1 Calcium (spline, quartile) Annual household income Calcium 
 2 Number of times seen provider for well/check visits during past 6 months (spline, quartile) Hypertension at baseline Number of times seen provider for well/check visits during past 6 months 
 3 WBC (spline, quartile) Race of father WBC 
 4 Annual household income Race of mother Annual household income 
 5 Number of times received ER care during past 6 months (spline, quadratic) Participant disease cohort Number of times received ER care during past 6 months 
 6 Hypertension at baseline Total number of days hospitalized during past 6 months Hypertension at baseline 
 7 Race of father Passive smoker Race of father 
 8 Race of mother Chloride Race of mother 
 9 Age of biological father (spline) Number of times received ER care during past 6 months Age of biological father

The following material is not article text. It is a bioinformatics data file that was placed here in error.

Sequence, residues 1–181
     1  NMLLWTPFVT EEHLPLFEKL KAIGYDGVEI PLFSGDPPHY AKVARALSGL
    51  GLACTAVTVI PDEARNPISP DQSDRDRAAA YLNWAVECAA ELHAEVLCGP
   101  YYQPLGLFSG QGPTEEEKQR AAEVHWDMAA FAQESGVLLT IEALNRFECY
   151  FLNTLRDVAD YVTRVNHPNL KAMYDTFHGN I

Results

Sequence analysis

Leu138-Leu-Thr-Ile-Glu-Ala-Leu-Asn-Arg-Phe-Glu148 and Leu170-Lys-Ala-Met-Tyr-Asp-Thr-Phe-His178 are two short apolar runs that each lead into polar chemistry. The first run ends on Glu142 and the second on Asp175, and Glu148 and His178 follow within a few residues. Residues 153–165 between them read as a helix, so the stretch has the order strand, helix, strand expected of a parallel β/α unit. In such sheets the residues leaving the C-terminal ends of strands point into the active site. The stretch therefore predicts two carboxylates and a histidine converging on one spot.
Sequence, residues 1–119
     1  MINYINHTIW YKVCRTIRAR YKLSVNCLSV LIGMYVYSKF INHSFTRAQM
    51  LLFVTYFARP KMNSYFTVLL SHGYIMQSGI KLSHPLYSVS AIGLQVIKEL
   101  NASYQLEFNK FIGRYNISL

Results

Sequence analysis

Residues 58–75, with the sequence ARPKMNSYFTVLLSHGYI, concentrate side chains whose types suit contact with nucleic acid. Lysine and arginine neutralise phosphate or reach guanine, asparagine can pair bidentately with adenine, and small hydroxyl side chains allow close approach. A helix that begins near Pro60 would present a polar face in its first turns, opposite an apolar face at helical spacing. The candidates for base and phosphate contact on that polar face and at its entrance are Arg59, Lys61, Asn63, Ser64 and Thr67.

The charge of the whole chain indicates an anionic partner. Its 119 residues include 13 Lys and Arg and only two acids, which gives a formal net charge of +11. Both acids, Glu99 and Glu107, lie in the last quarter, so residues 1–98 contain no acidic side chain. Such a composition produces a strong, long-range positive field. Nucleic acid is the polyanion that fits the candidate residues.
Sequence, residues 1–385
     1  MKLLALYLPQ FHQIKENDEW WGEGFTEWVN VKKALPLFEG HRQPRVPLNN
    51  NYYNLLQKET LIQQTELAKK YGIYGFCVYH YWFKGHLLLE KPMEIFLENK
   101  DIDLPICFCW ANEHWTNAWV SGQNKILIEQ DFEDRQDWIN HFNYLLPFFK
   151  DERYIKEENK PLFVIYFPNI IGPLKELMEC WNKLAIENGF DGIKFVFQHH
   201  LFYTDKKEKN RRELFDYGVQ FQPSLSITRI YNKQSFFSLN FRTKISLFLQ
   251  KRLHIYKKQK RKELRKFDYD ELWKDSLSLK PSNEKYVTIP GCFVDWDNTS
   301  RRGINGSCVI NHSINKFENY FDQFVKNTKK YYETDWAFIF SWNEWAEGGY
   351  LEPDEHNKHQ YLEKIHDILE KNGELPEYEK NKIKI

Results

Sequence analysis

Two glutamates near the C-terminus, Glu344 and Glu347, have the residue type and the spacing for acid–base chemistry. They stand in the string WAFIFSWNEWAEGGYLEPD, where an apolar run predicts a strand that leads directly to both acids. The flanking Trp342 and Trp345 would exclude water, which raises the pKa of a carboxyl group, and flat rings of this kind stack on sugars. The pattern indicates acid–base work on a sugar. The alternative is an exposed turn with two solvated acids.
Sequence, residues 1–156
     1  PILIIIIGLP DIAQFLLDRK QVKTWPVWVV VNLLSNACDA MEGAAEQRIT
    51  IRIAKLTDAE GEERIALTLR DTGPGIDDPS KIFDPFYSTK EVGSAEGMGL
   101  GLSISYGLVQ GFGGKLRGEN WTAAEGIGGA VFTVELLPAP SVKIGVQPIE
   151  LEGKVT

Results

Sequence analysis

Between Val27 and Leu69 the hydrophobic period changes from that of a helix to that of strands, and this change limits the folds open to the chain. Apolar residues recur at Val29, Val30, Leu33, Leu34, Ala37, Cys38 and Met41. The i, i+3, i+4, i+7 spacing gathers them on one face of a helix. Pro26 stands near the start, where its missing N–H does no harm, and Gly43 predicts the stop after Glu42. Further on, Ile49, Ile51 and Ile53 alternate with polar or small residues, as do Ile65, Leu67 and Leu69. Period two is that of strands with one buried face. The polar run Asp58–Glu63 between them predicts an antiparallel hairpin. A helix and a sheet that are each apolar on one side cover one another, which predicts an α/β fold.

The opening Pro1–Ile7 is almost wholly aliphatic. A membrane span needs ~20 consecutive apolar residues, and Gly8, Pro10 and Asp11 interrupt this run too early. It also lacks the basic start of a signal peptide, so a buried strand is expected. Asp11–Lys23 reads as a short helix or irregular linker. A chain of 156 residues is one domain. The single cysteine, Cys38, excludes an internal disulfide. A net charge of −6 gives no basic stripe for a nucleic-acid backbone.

10 Participant disease cohort Any edema present Participant disease cohort 
 11 Blood urea nitrogen (quartile) Blood urea nitrogen Serum albumin 
 12 Total number of days hospitalized during past 6 months (quartile, linear, quadratic, spline) Immediately after birth, spent time in NICU or ICU  
 13 Platelets (quartile)   
 14 Serum albumin (quartile, spline)   
 15 CO2 (quartile)   
b) Top predictors of PROMIS physical scores 
 1 Hemoglobin (quartile) Annual household income Annual household income 
 2 Annual household income Chloride WBC 
 3 WBC (spline, quartile) Alcohol use Alcohol use 
 4 eGFR at baseline (quartile) Shortness of breath Blood urea nitrogen 
 5 Alcohol use Number of times received ER care during the past 6 months Shortness of breath 
 6 Age of biological father (spline, quartile) Nausea and/or vomiting Participant age